Most people who visit Aso Volcano stick to the main attraction and content themselves with a quick look into the active and steaming crater of Naka-dake. While the direct view from the crater rim is surely mesmerizing, I think that venturing out into the volcanic desert and/or going for a hike will give you a much more intense experience.
To find yourself in an empty but fascinating lunar landscape, you just have to follow the paved path along Naka-dake’s steaming crater. About halfway down there is a boardwalk that leads you across a plateau called Sunasenri-ga-hama (砂千里が浜). The further you walk the more bizarre the landscape becomes, like a new not yet discovered planet.
Allow up to one hour for the plateau. There is a minimum amount of walking involved, so you will spend most of the time marveling at the surroundings. However, if you wish to continue, there is a walking trail starting at the end of the boardwalk, leading up the mountain in front of you. The trail is clearly marked with some yellow paint on the rocks, and it will take about one hour to reach the top. At the end of the climb you will realize that you are standing on another crater rim, with an amazing overview of the whole area, and that’s where you are also able to see the other craters inside the immense Aso Caldera.
Continuing further to the peaks of Naka-dake (中岳, 1506m) and Taka-dake (高岳, 1592m) brings you closer to the steaming crater again (about another 30-45 minutes one way). The trail is now relatively flat, so a great time to soak up the atmosphere and enjoy the view.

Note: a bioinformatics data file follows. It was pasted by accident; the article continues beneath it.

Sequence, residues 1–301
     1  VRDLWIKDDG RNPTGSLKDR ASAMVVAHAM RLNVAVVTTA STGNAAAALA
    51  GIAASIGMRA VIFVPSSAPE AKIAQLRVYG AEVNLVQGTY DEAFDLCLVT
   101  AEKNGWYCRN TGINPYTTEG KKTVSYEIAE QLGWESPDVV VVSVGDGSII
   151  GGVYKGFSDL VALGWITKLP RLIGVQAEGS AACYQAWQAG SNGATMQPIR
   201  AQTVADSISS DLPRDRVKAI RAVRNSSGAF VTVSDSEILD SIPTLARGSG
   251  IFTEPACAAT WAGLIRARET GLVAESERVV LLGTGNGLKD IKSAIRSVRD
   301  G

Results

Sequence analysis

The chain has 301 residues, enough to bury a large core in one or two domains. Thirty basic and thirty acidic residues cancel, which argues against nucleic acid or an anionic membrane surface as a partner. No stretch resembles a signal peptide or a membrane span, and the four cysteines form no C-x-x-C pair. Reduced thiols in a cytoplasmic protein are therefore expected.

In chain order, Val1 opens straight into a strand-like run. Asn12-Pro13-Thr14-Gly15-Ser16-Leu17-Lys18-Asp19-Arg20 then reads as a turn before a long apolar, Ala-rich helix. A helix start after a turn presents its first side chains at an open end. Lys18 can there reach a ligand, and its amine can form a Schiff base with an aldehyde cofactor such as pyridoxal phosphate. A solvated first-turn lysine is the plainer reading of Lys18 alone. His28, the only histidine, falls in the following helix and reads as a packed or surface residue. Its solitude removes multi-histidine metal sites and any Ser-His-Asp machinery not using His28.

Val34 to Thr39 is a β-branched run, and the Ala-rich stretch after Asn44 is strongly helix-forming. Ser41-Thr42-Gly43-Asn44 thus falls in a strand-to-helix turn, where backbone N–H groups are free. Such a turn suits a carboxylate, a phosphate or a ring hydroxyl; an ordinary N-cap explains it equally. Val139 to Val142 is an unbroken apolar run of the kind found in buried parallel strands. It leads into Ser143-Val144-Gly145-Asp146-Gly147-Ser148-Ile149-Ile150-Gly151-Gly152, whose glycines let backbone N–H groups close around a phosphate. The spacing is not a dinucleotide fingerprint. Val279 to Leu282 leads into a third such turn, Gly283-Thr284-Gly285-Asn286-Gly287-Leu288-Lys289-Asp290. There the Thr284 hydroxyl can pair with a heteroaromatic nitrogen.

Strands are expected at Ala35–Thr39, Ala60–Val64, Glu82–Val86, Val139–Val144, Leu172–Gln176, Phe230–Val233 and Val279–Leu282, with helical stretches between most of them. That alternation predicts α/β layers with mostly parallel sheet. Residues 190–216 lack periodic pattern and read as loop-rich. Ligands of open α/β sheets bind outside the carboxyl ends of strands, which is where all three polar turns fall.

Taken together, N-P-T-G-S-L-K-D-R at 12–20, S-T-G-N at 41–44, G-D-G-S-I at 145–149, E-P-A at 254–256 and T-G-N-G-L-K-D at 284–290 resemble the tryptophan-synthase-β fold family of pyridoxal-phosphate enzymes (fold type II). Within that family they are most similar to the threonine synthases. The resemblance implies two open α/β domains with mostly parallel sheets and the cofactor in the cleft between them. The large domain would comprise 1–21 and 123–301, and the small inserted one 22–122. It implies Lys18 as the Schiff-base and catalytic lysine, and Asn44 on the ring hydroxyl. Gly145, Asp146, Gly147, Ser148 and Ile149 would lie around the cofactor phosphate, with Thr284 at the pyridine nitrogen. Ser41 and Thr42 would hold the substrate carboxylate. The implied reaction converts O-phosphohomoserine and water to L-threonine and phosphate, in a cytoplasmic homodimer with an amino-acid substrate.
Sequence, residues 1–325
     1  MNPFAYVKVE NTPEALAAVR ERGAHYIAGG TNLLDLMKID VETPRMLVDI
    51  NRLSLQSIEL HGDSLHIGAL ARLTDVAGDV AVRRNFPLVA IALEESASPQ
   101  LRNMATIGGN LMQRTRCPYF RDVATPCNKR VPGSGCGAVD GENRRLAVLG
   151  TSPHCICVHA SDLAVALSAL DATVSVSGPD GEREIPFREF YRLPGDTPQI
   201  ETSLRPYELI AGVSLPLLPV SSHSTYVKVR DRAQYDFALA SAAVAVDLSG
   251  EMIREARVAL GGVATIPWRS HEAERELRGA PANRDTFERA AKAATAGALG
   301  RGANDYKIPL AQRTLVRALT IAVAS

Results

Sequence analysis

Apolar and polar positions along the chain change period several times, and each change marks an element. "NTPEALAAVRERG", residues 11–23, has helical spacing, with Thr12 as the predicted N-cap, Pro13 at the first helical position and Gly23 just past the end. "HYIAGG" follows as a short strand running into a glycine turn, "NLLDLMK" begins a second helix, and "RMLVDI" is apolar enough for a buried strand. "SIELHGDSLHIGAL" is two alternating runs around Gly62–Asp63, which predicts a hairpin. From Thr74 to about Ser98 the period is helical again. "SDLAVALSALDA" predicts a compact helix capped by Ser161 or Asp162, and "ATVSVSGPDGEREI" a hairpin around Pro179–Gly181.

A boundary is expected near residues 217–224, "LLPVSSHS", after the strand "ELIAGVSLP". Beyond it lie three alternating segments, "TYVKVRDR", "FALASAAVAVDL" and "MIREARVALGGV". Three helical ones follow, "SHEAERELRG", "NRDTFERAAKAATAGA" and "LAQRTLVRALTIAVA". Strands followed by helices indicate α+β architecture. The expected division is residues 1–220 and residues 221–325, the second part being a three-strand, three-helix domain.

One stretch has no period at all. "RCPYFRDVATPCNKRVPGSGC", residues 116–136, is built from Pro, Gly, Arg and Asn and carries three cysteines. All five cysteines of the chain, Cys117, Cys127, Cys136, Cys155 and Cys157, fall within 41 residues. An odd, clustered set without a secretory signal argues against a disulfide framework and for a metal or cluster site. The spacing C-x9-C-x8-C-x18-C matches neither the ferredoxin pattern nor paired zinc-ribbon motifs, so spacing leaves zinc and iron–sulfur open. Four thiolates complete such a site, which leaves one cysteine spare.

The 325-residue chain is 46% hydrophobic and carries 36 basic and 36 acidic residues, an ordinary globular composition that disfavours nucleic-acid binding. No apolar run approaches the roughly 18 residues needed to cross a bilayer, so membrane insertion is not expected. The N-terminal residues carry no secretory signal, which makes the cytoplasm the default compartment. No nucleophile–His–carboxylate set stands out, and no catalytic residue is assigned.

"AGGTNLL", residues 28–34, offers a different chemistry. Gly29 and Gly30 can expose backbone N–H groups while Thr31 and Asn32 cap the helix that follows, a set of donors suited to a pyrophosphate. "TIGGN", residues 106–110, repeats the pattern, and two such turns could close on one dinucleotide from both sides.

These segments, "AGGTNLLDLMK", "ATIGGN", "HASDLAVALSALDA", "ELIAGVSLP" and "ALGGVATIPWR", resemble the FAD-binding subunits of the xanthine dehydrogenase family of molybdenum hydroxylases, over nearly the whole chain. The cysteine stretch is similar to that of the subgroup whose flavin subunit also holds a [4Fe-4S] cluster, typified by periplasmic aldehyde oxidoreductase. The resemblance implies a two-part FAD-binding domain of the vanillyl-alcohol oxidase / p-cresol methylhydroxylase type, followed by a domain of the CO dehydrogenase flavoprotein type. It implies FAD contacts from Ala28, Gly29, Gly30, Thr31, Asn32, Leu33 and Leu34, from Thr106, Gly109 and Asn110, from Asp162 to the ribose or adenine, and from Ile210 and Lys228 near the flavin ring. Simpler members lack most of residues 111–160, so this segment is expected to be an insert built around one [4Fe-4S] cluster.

From the top of Naka-dake, and if conditions are right (good weather without the stench of sulfur in the air) you might be able to go down to an old viewing platform. However, bear in mind that you will have to go back the way you came. Some old maps show a ropeway and a trail on that site (Sensui-kyo, 仙酔峡), but now you can only see a deserted and dilapidated looking terminus building. Plus, there does not seem to be any public transportation on that site of the volcano and you might have a hard time to get back to your starting point.
All in all this is a fantastic hike, and it did not bother me at all to return on the same path—the views all along the way make up for it. For more pictures along the way, have a look at this photo story.
Before you go up to the volcano, please do visit to the helpful tourist information desk at Aso Station, as they will have the most up-to-date English language information about the status of the volcano and weather conditions. Volcanic activity may change quickly and you should know that it is not always possible to visit the active crater rim. However, no need to be disappointed, you can get great views from the surrounding craters, too.
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Travelling abroad to discover new places, getting to know different cultures and learning foreign languages has always been my passion. I was born and raised in Germany; however, for a few years now I've been very lucky to be able to spend my life abroad. I lived for some time in England and Italy before moving to Japan in October 2009. It took me a while to adapt to this very different world; however, travelling up and down the country has helped me to not only adapt, but to actually fall in love with this country Japan. It has also reawakened my interest in photography, so whenever I get a chance I pack my camera and discover something new. Japan is full of beautiful but less well-known places. To make these more discoverable for everybody, I'm very happy to be able to share my stories and photography on this site, and open a world of extraordinary experiences, which would be difficult to find in a guidebook. For any queries regarding Tokyo as a travel destination or any of my published articles, please feel free to contact me.